Home' micenet eMag : micenet AUSTRALIA February March 2015 Contents looming large on the meetings rankings for some time. In 2013 the country was # 9 in the ICCA
rankings, after rising as high as # 7 in 2012. While Sao Paulo and Rio dominate, the country has
around 120 convention bureaux although many are small and privately run. Nevertheless, there
is a lot of product and a huge domestic meetings market.
The South America meetings sector tends to be divided by language: the Spanish-speaking
countries and the mighty Brazil which is Portuguese-speaking. A growth of a hybrid Portuñol
language, a combo of Portuguese and Spanish, is breaking down barriers. But Brazil’s domestic
association meetings are so strong there can be a reluctance to expand these into Latin
American or international versions which can see a loss of control and revenue.
The country everyone is watching is Colombia. From a high security risk what seems like only
a few short years ago, this destination is now hot. Adventurous backpackers led the way and
the leisure and business visitors are following now that the country is more stable. Investment is
pouring into the country and the government is investing in infrastructure, tourism and business
events, so much so that some other South American countries are looking on enviously.
Columbia has overtaken Chile for ICCA’s # 3 spot in Latin American following Brazil and
Argentina. Three emerging Columbian meeting destinations, all with their own convention
bureaux, are in ICCA’s top 10 Latin American city rankings - Bogota, Cartagena and Medellin.
Although the association sector is still young, there is a growing middle class in this third most
populous Latin American country after Brazil and Mexico. Rich in natural resources with
impressive biodiversity, a large oil producer, strategically located at the top of South America,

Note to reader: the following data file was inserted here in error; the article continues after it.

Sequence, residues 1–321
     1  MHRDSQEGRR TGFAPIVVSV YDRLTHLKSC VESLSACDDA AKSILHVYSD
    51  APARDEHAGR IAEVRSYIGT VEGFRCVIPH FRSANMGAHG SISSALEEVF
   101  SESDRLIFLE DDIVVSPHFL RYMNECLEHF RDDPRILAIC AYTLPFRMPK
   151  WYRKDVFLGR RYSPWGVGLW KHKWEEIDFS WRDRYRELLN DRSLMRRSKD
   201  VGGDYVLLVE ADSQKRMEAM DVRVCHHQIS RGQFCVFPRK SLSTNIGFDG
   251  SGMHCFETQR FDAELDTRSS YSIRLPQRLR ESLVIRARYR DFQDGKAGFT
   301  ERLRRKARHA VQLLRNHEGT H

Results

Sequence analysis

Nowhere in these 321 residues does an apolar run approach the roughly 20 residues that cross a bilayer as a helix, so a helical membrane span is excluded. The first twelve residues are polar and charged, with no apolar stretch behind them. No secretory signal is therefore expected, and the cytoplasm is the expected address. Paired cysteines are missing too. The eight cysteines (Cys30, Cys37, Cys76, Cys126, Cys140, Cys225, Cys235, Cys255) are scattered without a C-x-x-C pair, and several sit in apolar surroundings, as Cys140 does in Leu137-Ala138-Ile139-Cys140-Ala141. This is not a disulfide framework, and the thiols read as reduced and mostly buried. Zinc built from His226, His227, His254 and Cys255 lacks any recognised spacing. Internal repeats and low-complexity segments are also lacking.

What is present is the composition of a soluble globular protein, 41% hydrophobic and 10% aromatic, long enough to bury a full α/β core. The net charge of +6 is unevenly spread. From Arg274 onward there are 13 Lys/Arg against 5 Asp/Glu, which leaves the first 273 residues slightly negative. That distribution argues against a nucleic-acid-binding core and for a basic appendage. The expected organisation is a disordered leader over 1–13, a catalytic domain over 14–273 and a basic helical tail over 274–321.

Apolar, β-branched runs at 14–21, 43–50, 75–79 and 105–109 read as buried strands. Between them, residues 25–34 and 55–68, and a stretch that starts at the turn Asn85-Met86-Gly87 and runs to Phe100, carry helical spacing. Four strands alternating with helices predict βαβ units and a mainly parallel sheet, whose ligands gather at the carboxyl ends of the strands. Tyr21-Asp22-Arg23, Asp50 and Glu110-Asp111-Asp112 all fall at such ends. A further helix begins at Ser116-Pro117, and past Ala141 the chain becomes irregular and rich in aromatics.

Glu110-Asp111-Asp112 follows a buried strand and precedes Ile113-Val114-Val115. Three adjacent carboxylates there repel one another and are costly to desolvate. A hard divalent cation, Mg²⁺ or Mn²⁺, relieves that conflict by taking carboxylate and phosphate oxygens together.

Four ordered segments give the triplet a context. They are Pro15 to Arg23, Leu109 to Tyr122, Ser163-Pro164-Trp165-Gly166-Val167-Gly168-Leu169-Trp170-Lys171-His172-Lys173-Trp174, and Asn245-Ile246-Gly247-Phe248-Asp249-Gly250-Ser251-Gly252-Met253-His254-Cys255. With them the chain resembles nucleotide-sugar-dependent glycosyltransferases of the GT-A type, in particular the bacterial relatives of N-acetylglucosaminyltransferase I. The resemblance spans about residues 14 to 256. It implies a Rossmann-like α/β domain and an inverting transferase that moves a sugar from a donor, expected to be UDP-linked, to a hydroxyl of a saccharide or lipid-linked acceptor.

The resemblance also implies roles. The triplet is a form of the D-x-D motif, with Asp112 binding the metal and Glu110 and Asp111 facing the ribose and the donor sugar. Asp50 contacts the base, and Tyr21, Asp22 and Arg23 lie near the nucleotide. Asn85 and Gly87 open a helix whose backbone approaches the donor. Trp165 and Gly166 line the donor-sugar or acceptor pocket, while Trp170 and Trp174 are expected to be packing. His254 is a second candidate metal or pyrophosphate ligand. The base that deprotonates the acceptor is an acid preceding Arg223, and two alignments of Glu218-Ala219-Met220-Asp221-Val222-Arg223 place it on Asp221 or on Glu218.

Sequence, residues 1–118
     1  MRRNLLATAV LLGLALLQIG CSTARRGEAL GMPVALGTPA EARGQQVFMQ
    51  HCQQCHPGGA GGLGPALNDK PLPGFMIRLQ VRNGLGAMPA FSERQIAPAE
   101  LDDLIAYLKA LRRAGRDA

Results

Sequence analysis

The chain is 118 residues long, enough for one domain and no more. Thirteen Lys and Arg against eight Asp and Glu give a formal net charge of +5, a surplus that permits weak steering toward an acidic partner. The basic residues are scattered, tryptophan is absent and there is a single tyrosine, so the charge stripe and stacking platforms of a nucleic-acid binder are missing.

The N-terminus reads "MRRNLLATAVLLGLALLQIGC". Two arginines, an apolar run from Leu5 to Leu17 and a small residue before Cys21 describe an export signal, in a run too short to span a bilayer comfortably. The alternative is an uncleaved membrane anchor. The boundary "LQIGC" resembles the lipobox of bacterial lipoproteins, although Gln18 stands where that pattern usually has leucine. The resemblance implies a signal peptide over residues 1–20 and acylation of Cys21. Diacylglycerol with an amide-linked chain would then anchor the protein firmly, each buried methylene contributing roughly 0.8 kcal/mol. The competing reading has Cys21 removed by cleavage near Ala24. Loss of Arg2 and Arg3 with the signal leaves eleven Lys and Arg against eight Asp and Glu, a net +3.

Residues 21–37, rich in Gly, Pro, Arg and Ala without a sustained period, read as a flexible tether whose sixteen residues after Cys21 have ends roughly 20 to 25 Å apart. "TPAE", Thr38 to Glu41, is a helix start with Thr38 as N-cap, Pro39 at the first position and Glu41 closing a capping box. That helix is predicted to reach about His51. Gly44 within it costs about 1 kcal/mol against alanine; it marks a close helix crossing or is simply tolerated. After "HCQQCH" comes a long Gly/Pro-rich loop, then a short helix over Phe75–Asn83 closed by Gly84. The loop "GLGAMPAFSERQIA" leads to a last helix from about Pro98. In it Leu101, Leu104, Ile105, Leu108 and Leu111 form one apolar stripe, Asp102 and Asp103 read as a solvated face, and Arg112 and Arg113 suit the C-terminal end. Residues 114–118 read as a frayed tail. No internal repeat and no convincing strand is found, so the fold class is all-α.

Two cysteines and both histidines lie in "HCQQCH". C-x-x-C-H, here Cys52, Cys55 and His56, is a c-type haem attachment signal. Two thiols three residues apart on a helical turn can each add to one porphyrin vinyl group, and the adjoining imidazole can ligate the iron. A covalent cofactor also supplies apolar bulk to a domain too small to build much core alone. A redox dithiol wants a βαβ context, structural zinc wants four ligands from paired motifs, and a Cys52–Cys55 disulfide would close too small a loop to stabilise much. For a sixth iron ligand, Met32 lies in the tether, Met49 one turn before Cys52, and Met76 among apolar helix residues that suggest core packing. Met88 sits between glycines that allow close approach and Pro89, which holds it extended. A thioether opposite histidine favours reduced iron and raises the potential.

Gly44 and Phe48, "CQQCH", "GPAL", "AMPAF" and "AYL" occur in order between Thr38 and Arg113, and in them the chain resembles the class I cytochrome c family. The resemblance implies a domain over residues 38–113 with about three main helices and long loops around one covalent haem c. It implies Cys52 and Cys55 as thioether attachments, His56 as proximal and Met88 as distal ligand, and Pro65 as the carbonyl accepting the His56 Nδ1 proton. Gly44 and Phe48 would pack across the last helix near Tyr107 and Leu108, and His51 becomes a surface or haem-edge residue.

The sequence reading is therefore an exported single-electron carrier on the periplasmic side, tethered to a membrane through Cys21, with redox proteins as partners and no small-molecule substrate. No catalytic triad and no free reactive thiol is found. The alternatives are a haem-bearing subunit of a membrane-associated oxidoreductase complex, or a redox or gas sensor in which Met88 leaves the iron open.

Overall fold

inbound visitors have quadrupled since 2007.
Panama is another competitive destination which has strengthened its proposition. It sits in
fifth spot in ICCA’s Latin American list. The number of international meetings it has hosted has
increased nearly 600 per cent in the last decade. A glut of hotel rooms, a new convention
centre, incentives offered, proximity to the North American market, and a special tax relationship
with the USA should all work in its favour to attract more inbound business events.
Although Pan South American or Latin American meetings are still in their infancy according
to local operators, this is expected to mature in coming years. Many regional meetings are still
embedded within national conferences rather than stand-alone events. The business events
industry has set its own example, combining to form a regional body called COCAL which
boasts 15 members stretching from Mexico to Chile.
The wildcard is Cuba. Now that President Obama has taken the first steps in normalising
USA’s relationship with Cuba, which includes authorised travel for professional meetings, you
can expect Cuba to step out of the shadows. It may take a while for infrastructure to develop,
but in time there will be new meeting hotels and no doubt a state-of-the-art convention centre.
How long before we are visiting the Cuba booth at IMEX America? m
Elizabeth Rich is a business events specialist who has developed a strong industry reputation during
her 30 year high profile career as an industry spokesperson and practitioner. Elizabeth continues to be
a keen industry observer and contribute through project work, writing and training. elizabethrich@
*International Congress and Convention
An artist’s impression of the new convention
centre in Buenos Aires, situated in city
parklands and partially underground.
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